northern edge of Dartmoor, and dental records confirmed her identity beyond doubt. Although the jaw and mandible were shattered and the front teeth broken, enough remained to provide a positive ID. The attack had been extensive but not methodical. Either Monk didn’t realize his victim could be identified from her dental records, or he didn’t care. But then he probably never expected her body to be found. I’d been able to add little to what we already knew. Tina Williams had suffered horrific blunt trauma injuries. Most of her ribs and the clavicle had simple fractures caused by a swift downward force, as did the metacarpals and phalanges of both hands. Although her face had LeFort fractures, formed when force from an impact dissipates along certain buttressing areas of the cranium, the rear of her skull was intact. That suggested she’d been lying face up on soft ground when the injuries had been inflicted. Yet she seemed to have made no attempt to defend herself. Typically, when the forearm is raised to block a blow, it’s the ulna that takes the brunt of the force, causing a wedge-shaped break called a ‘parry fracture’. Here the ulnae and radii in both forearms had a combination of simple and more complex, comminuted fractures. That pointed to

one of two scenarios. Either Tina Williams was already dead or unconscious during the attack, or she’d been trussed and helpless while Monk broke most of the bones in her body. I hoped for her sake it was the former. It was hard to say what had caused the injuries, but I thought I could guess. While Monk was powerful enough to have inflicted many of them with his bare hands, the frontal bone of Tina Williams’ skull — her forehead — bore a distinctive curved fracture. It was too big to have been caused by a hammer, which would in any case more than likely have punched straight through. It looked to me like something that might have been caused by a shoe or boot heel. She’d been stamped on. I’d worked on any number of violent deaths, but the image conjured up by that was especially disturbing. And now I was about to come face to face with the man who was responsible. The sound of the helicopter rotors had all but disappeared as Terry and I went back to the small township of police trailers, cars and vans that had now sprung into life around the moorland track. The constant traffic was churning the moor into a quagmire. Duckboards had been set down as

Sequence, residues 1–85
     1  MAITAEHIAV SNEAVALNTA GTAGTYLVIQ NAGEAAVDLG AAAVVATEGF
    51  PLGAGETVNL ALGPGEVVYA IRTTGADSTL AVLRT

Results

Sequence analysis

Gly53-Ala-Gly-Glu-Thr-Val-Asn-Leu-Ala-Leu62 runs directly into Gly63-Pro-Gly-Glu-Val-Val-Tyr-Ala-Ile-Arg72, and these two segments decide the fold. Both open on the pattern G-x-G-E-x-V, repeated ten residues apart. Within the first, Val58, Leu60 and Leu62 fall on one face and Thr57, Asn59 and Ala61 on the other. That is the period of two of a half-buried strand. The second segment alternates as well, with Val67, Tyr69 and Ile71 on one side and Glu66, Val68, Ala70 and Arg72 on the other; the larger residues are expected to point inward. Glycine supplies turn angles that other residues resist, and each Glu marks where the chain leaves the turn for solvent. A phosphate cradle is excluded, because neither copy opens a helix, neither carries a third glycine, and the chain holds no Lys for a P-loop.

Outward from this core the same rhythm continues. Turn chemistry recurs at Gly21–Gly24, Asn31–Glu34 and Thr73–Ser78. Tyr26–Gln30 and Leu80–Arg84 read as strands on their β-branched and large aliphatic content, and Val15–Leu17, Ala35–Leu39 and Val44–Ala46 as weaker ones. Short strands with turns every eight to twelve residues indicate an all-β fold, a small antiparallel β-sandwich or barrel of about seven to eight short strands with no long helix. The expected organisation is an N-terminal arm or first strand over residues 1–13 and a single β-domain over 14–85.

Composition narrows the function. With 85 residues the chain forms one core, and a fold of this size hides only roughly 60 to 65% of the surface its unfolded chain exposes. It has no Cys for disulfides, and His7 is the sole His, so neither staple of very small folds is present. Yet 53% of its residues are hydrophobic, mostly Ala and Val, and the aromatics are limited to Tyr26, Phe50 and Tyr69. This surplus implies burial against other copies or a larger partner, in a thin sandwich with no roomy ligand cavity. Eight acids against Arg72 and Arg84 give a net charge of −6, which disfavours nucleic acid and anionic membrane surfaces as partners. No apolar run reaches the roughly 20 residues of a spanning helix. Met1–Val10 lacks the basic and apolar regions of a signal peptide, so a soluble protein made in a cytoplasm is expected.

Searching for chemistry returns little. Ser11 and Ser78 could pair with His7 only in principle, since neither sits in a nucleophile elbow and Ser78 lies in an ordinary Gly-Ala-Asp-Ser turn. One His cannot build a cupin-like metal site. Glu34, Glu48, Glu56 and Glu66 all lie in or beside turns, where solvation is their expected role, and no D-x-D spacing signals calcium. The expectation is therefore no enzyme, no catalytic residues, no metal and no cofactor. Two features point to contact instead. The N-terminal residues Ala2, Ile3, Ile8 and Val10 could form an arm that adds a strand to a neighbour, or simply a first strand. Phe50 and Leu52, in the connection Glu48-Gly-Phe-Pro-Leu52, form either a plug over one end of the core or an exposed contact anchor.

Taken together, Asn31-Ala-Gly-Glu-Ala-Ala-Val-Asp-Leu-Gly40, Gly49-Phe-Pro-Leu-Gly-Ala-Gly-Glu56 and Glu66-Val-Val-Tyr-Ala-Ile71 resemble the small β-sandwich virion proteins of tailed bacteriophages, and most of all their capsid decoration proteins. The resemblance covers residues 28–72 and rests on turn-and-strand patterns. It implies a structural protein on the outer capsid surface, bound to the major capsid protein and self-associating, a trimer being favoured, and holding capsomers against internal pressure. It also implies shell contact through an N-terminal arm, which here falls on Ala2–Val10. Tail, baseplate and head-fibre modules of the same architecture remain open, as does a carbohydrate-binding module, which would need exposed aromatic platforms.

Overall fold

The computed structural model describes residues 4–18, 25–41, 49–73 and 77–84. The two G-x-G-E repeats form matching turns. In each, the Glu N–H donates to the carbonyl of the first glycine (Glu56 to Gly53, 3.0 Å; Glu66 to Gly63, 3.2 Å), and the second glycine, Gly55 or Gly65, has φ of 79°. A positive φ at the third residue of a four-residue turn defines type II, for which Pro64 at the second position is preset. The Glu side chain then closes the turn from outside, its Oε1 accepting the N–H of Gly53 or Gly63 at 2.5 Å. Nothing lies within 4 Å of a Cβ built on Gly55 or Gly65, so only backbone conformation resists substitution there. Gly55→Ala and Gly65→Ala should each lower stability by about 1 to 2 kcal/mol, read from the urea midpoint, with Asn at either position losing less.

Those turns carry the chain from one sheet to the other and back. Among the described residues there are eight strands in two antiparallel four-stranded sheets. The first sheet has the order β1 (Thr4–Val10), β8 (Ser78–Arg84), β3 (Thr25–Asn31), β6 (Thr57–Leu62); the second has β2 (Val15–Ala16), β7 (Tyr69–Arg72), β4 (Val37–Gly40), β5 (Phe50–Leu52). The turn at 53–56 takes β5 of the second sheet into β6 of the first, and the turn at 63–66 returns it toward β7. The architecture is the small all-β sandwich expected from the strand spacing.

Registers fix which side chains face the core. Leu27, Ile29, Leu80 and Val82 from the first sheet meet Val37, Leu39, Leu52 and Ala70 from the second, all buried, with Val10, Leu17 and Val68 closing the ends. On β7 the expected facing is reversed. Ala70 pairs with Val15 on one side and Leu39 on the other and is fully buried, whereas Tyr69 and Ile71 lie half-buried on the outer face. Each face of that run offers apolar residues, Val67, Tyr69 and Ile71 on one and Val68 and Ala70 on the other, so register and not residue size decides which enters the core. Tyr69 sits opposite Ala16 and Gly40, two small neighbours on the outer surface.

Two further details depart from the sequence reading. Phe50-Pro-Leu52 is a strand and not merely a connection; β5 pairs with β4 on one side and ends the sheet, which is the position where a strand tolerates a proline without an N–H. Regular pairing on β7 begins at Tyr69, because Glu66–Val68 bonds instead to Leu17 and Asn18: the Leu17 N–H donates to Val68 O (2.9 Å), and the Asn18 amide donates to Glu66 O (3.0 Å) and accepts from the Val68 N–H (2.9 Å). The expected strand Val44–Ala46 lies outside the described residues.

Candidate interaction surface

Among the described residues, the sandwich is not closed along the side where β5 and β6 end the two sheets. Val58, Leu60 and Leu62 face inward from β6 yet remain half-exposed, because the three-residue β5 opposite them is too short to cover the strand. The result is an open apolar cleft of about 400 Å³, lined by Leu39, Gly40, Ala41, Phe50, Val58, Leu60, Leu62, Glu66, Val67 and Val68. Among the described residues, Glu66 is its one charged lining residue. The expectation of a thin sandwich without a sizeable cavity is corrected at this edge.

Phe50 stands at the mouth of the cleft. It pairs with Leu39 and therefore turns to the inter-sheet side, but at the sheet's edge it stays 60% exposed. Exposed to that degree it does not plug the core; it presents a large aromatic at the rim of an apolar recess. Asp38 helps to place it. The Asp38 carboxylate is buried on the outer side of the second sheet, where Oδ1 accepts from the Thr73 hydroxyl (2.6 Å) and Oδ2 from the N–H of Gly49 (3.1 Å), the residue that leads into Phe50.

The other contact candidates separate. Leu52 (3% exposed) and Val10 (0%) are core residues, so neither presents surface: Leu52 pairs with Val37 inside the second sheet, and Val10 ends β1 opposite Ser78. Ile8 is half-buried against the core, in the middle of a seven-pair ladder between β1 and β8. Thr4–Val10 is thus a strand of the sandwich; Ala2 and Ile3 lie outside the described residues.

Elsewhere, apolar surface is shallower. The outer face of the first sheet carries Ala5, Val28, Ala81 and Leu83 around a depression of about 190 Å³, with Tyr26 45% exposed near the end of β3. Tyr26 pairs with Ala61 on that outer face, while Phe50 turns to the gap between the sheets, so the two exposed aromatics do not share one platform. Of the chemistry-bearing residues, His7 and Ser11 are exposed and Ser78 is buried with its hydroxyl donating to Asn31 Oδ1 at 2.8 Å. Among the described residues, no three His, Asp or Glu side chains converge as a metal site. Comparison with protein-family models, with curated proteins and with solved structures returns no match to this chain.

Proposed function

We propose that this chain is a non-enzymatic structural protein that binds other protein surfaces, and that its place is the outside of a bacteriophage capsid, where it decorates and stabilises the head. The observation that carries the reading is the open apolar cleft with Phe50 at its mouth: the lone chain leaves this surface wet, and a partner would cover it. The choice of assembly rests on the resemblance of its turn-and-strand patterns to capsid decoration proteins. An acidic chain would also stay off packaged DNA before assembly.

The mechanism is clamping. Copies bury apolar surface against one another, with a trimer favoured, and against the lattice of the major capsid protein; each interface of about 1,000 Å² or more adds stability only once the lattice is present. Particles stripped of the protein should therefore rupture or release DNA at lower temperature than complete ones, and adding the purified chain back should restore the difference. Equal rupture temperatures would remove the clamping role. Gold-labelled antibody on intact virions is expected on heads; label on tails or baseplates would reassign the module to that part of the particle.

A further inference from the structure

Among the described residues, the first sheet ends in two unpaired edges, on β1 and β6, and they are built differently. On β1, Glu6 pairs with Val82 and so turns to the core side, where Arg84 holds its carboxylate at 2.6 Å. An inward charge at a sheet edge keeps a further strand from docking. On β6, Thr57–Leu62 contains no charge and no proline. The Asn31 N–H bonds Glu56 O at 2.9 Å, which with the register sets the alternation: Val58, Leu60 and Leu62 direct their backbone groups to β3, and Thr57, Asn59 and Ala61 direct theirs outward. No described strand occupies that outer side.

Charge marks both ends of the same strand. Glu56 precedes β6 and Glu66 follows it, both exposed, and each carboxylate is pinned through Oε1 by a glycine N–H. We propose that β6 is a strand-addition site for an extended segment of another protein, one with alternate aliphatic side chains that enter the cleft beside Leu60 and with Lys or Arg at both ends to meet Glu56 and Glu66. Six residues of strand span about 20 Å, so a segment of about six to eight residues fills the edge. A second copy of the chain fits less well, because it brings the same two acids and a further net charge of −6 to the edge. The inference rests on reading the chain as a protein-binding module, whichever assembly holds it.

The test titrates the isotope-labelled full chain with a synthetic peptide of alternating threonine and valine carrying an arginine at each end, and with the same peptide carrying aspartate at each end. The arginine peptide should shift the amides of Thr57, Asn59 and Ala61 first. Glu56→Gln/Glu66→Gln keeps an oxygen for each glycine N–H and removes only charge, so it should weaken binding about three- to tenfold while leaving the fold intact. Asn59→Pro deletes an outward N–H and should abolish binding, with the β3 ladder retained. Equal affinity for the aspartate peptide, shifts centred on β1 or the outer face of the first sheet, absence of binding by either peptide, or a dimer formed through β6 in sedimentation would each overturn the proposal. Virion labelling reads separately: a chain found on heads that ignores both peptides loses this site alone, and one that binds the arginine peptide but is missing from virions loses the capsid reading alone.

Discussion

temporary walkways, but black mud oozed up through their slats, making them treacherously slippery. I hadn’t expected to be here more than a few days, but the convict’s surprise offer to show us where Zoe and Lindsey Bennett were buried had changed all that. While Wainwright would remain in charge of any excavation, Terry had told me Simms wanted me on hand when - if — any more bodies were found. ‘Are you nervous? About meeting Monk, I mean?’ Kara had asked the night before. ‘No, of course not.’ I had to admit I was more curious than anything. ‘It isn’t every day you get to meet someone like him.’ ‘So long as you don’t get too close.’ ‘I don’t think there’s much danger of that. We’re all supposed to keep our distance. Besides, I’ll be the one hiding behind the police.’ ‘I hope so.’ Kara didn’t laugh. ‘How’s Terry?’ ‘He’s OK, I suppose. Why?’ ‘I called Deborah last night. I haven’t spoken to her in ages, so I thought I’d see how she was. She sounded funny.’ ‘Funny how?’ ‘I don’t know. Distracted. Down. She didn’t want to talk.

I wondered if everything was OK between them.’ Terry wouldn’t have told me even if it wasn’t. We’d never had that sort of relationship. ‘I haven’t had much chance to speak to him. He’s under a lot of pressure, though. Perhaps it’s just that.’ ‘Perhaps,’ Kara said. Whatever might be going on in Terry’s home life, the strain of this operation was beginning to tell. He had an intense, overwound look about him that spoke of too little sleep and too much caffeine. It was hardly surprising, since as far as I could tell Simms was delegating everything to his deputy. Except for press conferences, which he insisted on doing himself. He’d claimed the glory for identifying Tina Williams, and it seemed that every time I turned on the news I saw his wax-like features holding forth in front of flashing cameras and microphones. There was one quote from him which had been aired repeatedly: ‘The man responsible for the deaths of Angela Carson, Tina Williams, and Zoe and Lindsey Bennett might be behind bars, but this investigation isn’t over. I won’t rest until all of Jerome Monk’s victims have been found and returned to their families.’ It was suspiciously similar to what Simms had said in the

forensic tent on the first day I wondered if he’d been trying out potential soundbites even then. And while his superior courted the cameras and became the public face of the investigation, Terry was left to carry the brunt of the search operation himself. He’d been no stranger to high-profile cases while he’d been at the Met, but nothing like this. I hoped he was up to it. He glanced nervously at his watch yet again as we clattered along the boards. ‘Everything OK?’ I asked. ‘Why shouldn’t it be? We’ve got one of the most dangerous men in the country about to be let loose and I’ve still no idea why the bastard’s suddenly decided to cooperate. Yeah, everything’s fucking great.’ I looked at him. He scowled, passing his hand over his face. ‘Sorry. I just keep going over all the preparations, trying to make sure we’ve not overlooked anything.’ ‘You don’t think he’s serious about showing us where the graves are?’ ‘Christ knows. I’d feel happier if… Ah, screw it. We’ll soon find out.’ He stiffened as he looked ahead of us. ‘Oh, great.’ Sophie Keller had emerged from the trailer serving as a mobile canteen, carrying a polystyrene container of steaming